Over the decades, it’s possible no single company has been able to build its own fan base to the degree that Disney has. They’ve been running for so many generations now that the people who became fans as children have grown up and become filmmakers in their own right. Jon Favreau is one of these people. When he decided to take on the live-action version of Disney’s The Jungle Book he also decided he wanted those familiar with the 1967 animated classic to get some additional levels of entertainment. The new film is full of references to its predecessor.

The most common use of reference in the film is when Jon Favreau filmed scenes that were directly taken from the animated version. Yahoo Movies points out several of them including:
Mowgli (Neel Sethi) howling with his fellow cubs in the wolf pack

Mowgli and Bagheera (Ben Kingsley) strolling by a waterfall.

Mowgli transfixed by Kaa the python (Scarlett Johansson)

And Mowgli and Baloo the sloth bear (Bill Murray) floating down the river while humming "The Bare Necessities."

You might have to be an animated Disney expert, or have recently rewatched the animated version, to pick these moments while watching the live action film, but it’s clear that Favreau wanted those fans who would notice to be reminded of the original film.



The shots are far from the only Jungle Book references. While the most obvious callback to the last film is the inclusion of some of the songs, another reference is incredibly obscure because it never actually appeared in the original film. Rocky the Rhino was a character who was going to appear in the film’s finale, alongside some Fab 4-inspired vultures. According to Yahoo:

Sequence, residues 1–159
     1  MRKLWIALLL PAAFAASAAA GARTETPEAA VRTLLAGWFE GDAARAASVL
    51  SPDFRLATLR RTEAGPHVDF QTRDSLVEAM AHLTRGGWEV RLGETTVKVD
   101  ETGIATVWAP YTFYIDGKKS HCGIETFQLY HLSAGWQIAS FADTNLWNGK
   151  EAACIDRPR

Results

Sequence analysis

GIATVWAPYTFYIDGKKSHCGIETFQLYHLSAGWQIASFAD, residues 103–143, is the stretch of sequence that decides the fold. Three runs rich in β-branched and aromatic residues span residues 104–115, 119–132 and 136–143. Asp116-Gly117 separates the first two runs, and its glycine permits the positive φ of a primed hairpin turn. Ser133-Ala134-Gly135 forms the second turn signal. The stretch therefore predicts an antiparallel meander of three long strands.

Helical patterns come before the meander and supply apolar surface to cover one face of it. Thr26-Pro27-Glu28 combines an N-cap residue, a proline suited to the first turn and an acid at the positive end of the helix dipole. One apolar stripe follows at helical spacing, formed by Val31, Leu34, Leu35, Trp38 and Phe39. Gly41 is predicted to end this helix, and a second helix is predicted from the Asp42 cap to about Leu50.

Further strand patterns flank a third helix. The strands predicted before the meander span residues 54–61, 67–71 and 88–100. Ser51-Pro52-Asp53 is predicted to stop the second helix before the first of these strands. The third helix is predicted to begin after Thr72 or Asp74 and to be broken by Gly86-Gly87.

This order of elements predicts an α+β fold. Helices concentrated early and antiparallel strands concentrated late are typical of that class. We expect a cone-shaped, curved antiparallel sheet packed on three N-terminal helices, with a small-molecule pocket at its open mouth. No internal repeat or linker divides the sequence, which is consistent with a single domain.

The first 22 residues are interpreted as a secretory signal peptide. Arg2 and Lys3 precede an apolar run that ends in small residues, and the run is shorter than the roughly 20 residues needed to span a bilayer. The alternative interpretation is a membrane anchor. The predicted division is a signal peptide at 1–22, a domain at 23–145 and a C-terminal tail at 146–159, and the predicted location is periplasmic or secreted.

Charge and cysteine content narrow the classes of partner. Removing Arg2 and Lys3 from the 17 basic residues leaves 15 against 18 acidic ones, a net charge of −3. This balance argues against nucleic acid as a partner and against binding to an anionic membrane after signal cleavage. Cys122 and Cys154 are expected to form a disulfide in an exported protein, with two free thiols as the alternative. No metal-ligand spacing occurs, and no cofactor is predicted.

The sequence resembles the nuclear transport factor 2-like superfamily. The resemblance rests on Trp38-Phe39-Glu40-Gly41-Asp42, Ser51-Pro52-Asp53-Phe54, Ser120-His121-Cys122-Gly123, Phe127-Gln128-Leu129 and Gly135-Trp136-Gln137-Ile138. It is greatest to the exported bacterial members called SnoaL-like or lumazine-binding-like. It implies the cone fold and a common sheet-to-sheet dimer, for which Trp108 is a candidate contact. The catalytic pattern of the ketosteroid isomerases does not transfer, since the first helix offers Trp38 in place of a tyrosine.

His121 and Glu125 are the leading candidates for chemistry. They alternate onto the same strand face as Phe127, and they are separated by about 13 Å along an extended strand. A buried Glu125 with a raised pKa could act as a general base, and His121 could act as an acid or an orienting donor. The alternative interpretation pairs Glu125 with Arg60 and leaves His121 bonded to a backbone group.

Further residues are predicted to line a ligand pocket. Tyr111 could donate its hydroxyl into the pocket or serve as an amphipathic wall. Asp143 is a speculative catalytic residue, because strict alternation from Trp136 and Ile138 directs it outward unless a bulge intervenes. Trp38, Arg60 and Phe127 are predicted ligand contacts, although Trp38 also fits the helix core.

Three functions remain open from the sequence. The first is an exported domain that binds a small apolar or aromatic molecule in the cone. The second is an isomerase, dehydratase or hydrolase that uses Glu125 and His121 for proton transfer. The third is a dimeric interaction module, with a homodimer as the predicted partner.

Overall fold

Ultimately the filmmakers decided that having four vultures and a rhino was just too much and poor Rocky hit the cutting-room floor. But Favreau has restored the character for the film, giving him a bit of screen time and the voice of comedian Russell Peters.

There's generally two ways that remakes get handled. One way is to try to make something completely new, only using the original film as a springboard. The other way is to make something that holds the source material in reverence. Since Disney was responsible for both films, and the company was built on the success of animated features like the original Jungle Book it’s no wonder that this is their point of view. As Jon Favreau himself says, the people making the new movie loved the old one as much as those in the theater.
These are all little director games we play to keep ourselves occupied.I wanted to make sure the core group of fans of the underlying material were respected and rewarded. You want to make it fun for someone who has never seen the original film but for someone who loves the original film, we want them to understand that we love it, too.

Did you catch all the references in the new Jungle Book? Let us know what your favorite moment was in the comments below.

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